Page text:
I really enjoyed the brief wandering around the winding streets of Bukchon Hanok Village. It was definitely interesting to see the “Silence Please” signs everywhere and the attendants working in the streets to shush people to no avail (everyone was still very loud). I wonder what it’s like to live there!

    Also a quick note that I was blown away by the hospitality of Jun’s family’s restaurant, DKORE. And the fact that they’d made a huge laminated sign to welcome us (not to mention the equally impressive fact that we continued to be greeted by these custom signs on most of our visits). I was at the “Default Meal” table which was delicious, albeit spicy, but I’m trying to up my spice tolerance so I braved my way through it.

  20. Waldo Arreola Says:

    As an entrepreneur, I appreciated the support that KAIST students get to start their new ventures and many of the successful startup CEOs are celebrated on a Hall of Fame wall. I really appreciated how stylish the students and university employees were, but was wondering why they wore so many layers. Apparently they were wondering why I was wearing such few layers and they asked me directly haha.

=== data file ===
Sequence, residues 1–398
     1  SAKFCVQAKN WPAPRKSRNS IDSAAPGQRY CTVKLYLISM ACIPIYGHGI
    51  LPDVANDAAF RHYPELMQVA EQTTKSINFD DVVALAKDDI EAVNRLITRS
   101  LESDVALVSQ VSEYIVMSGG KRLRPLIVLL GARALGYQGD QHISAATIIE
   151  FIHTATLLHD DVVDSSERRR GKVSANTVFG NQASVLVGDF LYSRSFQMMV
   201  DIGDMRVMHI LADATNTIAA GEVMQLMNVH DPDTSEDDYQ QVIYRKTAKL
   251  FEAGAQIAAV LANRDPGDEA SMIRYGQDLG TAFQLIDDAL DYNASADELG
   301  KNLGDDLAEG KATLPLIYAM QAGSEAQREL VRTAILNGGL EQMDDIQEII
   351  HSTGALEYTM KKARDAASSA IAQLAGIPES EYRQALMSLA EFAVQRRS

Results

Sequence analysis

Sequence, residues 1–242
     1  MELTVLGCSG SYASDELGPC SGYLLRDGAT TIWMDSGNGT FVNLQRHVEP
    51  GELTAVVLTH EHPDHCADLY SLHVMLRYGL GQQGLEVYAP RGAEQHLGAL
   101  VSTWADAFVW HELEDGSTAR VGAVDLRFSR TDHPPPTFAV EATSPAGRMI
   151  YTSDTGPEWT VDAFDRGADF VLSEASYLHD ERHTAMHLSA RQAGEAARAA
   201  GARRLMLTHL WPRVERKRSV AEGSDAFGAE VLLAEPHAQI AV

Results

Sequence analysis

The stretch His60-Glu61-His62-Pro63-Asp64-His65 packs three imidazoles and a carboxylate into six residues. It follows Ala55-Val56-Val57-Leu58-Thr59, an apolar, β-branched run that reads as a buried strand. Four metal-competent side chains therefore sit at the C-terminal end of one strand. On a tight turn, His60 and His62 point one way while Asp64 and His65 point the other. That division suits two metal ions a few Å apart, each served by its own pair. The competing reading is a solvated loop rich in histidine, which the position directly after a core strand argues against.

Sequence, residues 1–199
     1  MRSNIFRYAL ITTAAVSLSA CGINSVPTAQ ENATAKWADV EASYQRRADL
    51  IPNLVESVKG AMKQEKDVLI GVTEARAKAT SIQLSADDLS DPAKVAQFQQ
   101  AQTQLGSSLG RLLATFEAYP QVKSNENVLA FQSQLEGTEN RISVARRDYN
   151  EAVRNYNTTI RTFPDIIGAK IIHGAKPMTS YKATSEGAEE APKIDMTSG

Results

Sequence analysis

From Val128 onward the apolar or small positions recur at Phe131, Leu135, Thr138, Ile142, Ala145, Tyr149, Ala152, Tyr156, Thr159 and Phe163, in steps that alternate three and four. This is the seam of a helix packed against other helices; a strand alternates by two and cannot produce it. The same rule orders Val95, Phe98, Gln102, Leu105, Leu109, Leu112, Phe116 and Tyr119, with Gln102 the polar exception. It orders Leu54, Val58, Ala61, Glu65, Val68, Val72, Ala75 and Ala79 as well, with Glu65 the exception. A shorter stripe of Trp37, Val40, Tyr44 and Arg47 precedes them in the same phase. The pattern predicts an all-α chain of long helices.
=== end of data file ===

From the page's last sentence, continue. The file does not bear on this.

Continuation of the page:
21. Blake Schwartz Says:

    As with Leili, I was struck by the narrow focus each of the MBA programs. In our program each of the students may have different concentrations, but we all go through the same core classes and certainly have more flexibility for classes and the freedom to alter our career paths at any moment. The different programs at KAIST felt very rigid, without much room for exploration by the student.

  22. Ramon Cordova Says: